So the importance of the G5, aka Chimerzilia, is this; while China, America and India must agree to cut the 50% of the world’s carbon they are emitting, Brazil and Indonesia must also cut their own carbon emissions by reducing or eliminating deforestation, which is simultaneously eating up our global sponge for carbon emissions. Doing one or the other but not both is simply not an option if we want to avoid even more catastrophic consequences from climate change than the ones we are currently facing.
Both individually and collectively, the nations that compose the EU have done much more than most other countries around the world to address the problem of man-made global warming. I applaud the EU for their actions to reduce carbon emissions and hope that the EU will continue to push other countries like Russia to follow its lead.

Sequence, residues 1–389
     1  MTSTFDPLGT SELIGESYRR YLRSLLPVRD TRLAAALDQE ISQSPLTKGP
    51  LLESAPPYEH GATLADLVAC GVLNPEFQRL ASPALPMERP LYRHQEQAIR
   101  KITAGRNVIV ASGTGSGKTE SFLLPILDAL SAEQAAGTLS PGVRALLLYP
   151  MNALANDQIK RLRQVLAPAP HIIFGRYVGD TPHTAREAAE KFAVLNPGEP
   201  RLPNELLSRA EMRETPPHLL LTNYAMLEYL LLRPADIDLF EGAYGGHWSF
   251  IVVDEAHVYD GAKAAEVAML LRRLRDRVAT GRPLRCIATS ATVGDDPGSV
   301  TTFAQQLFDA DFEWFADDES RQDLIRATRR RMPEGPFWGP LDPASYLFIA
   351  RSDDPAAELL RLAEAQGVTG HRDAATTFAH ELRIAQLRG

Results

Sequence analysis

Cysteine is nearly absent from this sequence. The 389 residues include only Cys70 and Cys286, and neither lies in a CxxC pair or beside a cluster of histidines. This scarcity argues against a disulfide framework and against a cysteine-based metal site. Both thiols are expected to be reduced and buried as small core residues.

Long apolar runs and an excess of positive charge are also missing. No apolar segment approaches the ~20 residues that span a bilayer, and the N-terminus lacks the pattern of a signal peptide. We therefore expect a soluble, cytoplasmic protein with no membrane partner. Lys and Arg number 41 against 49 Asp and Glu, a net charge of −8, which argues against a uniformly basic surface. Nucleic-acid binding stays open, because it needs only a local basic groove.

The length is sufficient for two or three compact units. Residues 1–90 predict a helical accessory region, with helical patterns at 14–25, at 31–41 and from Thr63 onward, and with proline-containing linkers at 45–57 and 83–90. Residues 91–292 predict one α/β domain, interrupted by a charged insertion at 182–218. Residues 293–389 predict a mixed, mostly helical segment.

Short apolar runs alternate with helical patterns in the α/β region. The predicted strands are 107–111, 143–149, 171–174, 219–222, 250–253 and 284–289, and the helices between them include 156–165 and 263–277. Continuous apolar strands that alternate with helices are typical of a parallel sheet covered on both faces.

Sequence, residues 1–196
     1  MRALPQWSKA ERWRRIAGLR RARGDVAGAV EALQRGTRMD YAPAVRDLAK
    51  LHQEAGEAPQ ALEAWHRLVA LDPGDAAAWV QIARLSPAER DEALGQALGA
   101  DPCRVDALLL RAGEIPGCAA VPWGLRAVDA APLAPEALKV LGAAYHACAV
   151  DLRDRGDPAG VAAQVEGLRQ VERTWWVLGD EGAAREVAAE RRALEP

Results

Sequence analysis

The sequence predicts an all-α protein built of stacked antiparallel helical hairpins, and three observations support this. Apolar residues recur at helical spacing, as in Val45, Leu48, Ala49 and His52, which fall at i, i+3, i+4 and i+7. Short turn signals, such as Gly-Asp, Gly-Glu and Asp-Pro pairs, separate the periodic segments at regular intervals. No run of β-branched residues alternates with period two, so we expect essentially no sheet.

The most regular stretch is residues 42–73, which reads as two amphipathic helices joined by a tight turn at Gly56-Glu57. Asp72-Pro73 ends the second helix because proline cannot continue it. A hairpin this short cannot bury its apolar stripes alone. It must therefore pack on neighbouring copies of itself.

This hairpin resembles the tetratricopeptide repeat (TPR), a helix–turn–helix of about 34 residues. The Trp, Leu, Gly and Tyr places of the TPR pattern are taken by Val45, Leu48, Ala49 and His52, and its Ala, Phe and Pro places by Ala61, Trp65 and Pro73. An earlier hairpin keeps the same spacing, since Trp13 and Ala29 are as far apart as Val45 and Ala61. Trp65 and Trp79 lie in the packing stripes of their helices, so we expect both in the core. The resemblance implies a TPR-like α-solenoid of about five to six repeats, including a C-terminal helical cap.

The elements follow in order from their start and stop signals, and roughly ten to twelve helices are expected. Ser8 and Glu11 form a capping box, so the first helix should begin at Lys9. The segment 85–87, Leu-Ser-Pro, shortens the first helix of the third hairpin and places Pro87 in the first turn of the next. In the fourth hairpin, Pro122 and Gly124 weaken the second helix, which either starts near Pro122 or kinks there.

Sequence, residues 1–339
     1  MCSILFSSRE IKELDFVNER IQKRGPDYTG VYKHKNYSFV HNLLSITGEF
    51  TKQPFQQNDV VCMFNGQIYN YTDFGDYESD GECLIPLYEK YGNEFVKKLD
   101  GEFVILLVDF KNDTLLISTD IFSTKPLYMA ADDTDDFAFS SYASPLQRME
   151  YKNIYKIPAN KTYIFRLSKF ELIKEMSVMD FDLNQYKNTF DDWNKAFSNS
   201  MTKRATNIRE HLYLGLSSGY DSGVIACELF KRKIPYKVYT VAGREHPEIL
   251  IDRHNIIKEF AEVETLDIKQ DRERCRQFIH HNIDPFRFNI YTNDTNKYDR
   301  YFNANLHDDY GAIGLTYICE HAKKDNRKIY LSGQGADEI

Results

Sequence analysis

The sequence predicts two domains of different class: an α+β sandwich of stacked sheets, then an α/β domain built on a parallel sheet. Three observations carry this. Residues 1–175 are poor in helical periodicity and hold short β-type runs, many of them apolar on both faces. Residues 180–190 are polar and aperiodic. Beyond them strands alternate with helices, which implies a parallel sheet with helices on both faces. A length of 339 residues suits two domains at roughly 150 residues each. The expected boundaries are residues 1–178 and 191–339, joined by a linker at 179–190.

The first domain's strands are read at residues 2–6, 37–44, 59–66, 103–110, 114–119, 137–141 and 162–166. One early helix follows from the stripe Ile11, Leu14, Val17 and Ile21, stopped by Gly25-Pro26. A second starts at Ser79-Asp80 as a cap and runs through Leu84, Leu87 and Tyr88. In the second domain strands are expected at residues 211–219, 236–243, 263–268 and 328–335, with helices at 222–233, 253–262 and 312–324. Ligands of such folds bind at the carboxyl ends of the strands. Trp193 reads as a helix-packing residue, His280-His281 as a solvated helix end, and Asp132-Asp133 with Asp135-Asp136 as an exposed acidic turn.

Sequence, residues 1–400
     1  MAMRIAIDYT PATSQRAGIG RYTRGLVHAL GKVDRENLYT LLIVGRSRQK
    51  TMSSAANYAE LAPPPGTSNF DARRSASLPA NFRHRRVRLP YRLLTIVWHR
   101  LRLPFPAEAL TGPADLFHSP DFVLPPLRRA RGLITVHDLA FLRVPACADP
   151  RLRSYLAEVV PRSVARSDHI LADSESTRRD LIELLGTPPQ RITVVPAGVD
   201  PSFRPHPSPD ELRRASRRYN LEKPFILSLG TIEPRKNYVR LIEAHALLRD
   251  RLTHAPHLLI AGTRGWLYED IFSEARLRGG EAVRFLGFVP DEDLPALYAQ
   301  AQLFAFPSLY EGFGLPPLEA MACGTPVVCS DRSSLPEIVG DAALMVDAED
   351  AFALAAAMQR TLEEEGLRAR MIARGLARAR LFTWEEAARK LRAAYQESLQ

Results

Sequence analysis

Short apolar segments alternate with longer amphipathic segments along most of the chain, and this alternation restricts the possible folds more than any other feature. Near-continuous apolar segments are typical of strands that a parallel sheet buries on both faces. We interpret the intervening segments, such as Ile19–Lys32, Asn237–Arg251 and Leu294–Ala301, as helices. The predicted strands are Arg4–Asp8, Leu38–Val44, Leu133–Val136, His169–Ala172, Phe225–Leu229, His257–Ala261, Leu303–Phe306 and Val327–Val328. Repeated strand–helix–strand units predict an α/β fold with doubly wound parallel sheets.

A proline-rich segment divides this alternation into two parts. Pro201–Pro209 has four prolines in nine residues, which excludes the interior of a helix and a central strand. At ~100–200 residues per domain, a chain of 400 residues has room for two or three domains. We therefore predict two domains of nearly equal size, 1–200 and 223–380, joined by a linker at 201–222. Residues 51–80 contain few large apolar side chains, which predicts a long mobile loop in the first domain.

But I am also a realist. Without the Chimerzilia G5, I see no hope for an effective global agreement to replace the largely ineffective Kyoto Protocol and address the causes of climate change. I hope that the political leaders of the EU will come to the same conclusion and not raise too big of a ruckus when America starts bilateral negotiations with the other members of the Chimerzilia G5. Like it or not, those negations have already begun albeit privately not publically. Yet!